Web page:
In May we received exciting news from Western Washington University: the Western Reads committee has chosen a University of Washington Press book, Tulalip, From My Heart: An Autobiographical Account of a Reservation Community, by Harriette Shelton Dover, as their common book for the 2017–18 school year. The committee selected this book by a Tulalip elder in consultation with Indigenous people on and off campus to commemorate the 1969 “Right to be Indian” conference. This gathering drew tribal members from across the region in support of young people working to improve their communities through social and political self-determination. Now, as we approach the conference’s fiftieth anniversary, more than 4,000 incoming Western students, faculty, and staff will engage with Tulalip, From My Heart, Dover’s remarkable story about her tribe’s history, struggles, and powerful ties to land now occupied by others.
Dawn Dietrich, associate professor and director of the Western Reads program, shared her enthusiasm for this selection as a way of fostering collaboration and relationship building around Native American education. The choice of this common book “honors the Coast Salish traditions that defined, and continue to define, this region,” Dietrich told us.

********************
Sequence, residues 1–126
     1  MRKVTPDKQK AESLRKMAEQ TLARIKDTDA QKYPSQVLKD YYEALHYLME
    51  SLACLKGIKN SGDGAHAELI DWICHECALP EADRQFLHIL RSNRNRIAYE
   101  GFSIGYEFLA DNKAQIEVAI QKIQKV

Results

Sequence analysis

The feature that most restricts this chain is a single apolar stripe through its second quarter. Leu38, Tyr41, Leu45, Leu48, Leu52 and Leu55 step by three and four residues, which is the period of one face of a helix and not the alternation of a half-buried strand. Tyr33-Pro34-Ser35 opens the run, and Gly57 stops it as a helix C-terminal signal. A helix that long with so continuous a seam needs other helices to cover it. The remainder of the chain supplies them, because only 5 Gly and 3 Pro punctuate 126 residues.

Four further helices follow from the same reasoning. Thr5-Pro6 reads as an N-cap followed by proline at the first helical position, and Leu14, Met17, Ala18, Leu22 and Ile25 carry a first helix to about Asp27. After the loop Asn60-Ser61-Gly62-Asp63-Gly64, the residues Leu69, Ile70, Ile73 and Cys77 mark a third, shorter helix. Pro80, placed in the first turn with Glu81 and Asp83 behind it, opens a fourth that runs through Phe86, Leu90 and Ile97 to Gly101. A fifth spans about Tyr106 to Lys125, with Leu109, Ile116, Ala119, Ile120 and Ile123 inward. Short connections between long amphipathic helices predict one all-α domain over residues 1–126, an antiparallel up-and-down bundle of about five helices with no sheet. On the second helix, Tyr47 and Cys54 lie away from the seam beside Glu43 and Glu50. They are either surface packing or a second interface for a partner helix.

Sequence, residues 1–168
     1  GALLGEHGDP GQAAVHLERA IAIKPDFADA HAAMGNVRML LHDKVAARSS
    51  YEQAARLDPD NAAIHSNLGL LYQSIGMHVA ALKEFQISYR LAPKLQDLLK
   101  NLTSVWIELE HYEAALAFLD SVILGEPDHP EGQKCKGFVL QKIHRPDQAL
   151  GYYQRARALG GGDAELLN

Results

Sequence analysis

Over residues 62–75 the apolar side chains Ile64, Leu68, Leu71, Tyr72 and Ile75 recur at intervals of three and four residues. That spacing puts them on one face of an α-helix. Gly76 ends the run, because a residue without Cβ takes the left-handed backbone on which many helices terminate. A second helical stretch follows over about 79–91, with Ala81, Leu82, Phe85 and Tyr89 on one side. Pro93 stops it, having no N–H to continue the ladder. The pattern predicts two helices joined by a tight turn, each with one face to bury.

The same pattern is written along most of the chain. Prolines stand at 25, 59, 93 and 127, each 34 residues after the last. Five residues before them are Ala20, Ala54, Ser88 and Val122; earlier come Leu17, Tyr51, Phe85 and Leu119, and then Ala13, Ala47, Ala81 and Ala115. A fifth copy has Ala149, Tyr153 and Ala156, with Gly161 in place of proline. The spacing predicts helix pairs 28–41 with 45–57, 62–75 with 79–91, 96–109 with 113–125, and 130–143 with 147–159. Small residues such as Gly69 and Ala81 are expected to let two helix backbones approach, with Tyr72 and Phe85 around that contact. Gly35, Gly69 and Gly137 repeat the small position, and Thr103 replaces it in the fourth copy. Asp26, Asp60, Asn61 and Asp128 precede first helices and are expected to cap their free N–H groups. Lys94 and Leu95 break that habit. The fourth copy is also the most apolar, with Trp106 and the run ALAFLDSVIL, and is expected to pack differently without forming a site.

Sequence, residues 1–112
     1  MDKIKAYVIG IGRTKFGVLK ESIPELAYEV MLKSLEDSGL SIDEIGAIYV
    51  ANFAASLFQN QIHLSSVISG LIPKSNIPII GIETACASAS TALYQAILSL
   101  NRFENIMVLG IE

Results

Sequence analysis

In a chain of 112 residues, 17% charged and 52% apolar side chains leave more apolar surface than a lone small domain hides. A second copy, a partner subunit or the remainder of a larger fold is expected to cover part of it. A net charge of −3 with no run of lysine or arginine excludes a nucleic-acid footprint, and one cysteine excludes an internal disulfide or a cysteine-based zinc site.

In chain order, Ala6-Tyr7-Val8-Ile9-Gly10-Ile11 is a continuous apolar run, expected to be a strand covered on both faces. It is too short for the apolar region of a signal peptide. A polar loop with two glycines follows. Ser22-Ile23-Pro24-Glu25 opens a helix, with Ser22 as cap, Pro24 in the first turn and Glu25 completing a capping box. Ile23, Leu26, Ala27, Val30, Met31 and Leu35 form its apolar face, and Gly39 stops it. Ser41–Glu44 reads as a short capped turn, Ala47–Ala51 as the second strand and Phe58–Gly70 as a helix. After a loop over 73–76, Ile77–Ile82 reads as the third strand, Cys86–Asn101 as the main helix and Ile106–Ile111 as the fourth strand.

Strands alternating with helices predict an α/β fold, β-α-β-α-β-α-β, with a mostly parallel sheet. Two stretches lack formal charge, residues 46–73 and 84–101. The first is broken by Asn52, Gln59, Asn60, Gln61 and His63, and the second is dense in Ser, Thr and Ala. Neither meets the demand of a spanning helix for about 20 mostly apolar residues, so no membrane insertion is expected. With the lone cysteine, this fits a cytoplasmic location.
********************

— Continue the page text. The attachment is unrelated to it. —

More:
UW Press has played an important role in publishing the stories of Native American and Indigenous communities for almost 100 years. Our list includes memoirs by Coast Salish and Alaska Native writers, tribal dictionaries and grammars, books about Native American art and culture, as well as new work presenting contemporary issues from decolonizing perspectives. Our books are enjoyed by general readers, taught in classes, found in libraries of tribal colleges, and used by scholars and artists in many disciplines.
The Western Reads common book selection is just one example of how communities and readers engage with the work we publish. Another is Promised Land, a new documentary about the Duwamish and Chinook fight for treaty recognition. Several UW Press books “formed the academic framework of the film’s narrative,” as filmmaker Sarah Samudre Salcedo puts it, including Coll Thrush’s Native Seattle: Histories from the Crossing-Over Place, Robert T. Boyd, Kenneth Ames, and Tony Johnson’s Chinookan Peoples of the Lower Columbia, and Jon Daehnke’s forthcoming Chinook Resilience: Heritage and Cultural Revitalization on the Lower Columbia River. The Seattle Theatre Group will present Promised Land on July 6, 2017, at the Neptune Theatre. The screening is free and open to the public and will include a preshow discussion with representatives from the tribes. We hope you can join us.
UW Press is dedicated to publishing books that help communities engage in shared conversations and inform new art and scholarship. We are proud to bring important stories and ideas to life for current and future generations.
We invite you to browse our new and forthcoming Native American and Indigenous publications and other recent catalogs on our website.
Nicole F. Mitchell, Director
University of Washington Press